ANNAPOLIS -- Gov. Martin O'Malley's fiscal 2012 budget relies on borrowing and shifting money to help close more than a quarter of Maryland's $1.4 billion budget gap. O'Malley's plan would pull $191 million from the state's capital budget -- which funds transportation and construction projects -- as well as $100 million from the state's transportation improvement fund and nearly $20 million from the Chesapeake Bay Fund. The state would issue bonds to replace the money.

Critics of the plan were quick to label it fiscally irresponsible.

"This place is devoid of fiscal discipline," said House of Delegates Minority Leader Anthony O'Donnell, R-Calvert and St. Mary's counties. "Eventually there's only so many pots of money to raid, and the stimulus money is gone. At the end, pretty soon, you gotta pay the piper."

O'Malley has used transfers and other accounting maneuvers for several years to ease the pain of budget cuts, despite warnings from budget advisers that such "quick fixes" are prolonging the state's structural deficit.

"This is the impact that all of this shifting has had," state budget analyst Matt Klein told lawmakers at a fiscal briefing last month.

The state used more than one-third of its borrowing capacity - roughly $414 million in bonds slated for capital projects - to help fill a gap in the operating budget for fiscal 2011. One-quarter of the borrowed money was used to replace funds that were transferred from one account to another.

In the meantime, federal stimulus money has dried up, the state's rainy day fund needs a $40 million cash infusion, and falling revenues have pushed the state to its debt limit.

But O'Malley says his borrowing will not threaten Maryland's coveted Triple A bond rating.

"Without a doubt part of our balancing strategy has been to make that Triple A bond rating, that credit worthiness of ours ... work for us," he said. "And we have used it, bonding a lot of things we would otherwise [use] capital for, and yet we still have kept within the limits [of what's recommended]."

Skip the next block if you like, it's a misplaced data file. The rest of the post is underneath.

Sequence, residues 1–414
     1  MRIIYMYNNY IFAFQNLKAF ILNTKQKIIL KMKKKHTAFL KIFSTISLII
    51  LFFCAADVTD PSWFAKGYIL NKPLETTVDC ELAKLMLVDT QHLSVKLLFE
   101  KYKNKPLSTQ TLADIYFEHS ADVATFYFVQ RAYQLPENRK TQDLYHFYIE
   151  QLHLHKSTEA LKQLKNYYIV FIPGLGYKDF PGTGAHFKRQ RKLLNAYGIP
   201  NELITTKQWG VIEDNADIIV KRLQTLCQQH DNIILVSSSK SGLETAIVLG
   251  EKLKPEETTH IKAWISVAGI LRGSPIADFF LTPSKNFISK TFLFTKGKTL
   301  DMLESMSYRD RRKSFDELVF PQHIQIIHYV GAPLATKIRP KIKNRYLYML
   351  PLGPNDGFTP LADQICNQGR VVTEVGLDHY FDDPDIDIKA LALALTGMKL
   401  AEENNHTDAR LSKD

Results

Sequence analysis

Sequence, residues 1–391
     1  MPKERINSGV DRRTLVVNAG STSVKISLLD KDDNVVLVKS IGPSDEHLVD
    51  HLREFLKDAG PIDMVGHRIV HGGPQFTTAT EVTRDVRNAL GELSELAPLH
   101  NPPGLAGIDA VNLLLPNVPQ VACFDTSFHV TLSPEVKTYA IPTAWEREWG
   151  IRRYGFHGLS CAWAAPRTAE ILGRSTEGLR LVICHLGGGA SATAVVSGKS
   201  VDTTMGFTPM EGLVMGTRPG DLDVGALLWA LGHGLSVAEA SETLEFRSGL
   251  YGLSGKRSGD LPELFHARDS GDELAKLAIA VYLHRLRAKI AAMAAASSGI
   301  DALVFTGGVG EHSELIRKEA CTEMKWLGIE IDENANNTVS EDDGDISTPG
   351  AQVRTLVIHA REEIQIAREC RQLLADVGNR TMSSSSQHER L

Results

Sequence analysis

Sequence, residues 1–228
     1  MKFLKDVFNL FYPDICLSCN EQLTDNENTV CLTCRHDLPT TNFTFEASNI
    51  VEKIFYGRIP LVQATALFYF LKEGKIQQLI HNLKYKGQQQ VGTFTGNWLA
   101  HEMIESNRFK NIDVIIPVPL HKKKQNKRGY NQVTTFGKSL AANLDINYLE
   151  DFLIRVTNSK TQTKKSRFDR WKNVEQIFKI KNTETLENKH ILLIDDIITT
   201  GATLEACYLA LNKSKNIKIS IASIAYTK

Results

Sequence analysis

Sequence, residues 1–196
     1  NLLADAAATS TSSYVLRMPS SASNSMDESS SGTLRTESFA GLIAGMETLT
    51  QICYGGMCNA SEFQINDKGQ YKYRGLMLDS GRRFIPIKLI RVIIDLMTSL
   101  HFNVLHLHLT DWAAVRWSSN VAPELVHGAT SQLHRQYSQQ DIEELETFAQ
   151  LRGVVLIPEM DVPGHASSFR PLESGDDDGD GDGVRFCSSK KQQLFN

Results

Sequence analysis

He said his proposed reforms to the state's ailing pension system, which is $35 billion underfunded, would offset concerns about the state's debt capacity.

O'Malley's pension plan returns the system to an 80 percent funding level by 2023, primarily by forcing the state and its enrollees to pay higher contributions.

The pension system, which gives retirement and health benefits to roughly 300,000 current and future state retirees, dropped from nearly full funding in 2000 to 64 percent funding in 2011.

O'Malley plans to keep the rainy day fund solvent with $40 million from the Transportation Trust Fund, which is used for road and rail improvements. His proposal shifts another $60 million from the fund to help close the deficit.

If his budget plan is approved by the General Assembly, this would mark the third straight year that O'Malley has tapped the transportation coffer for quick cash. The state has drained about $2.1 billion from the fund in the last three years.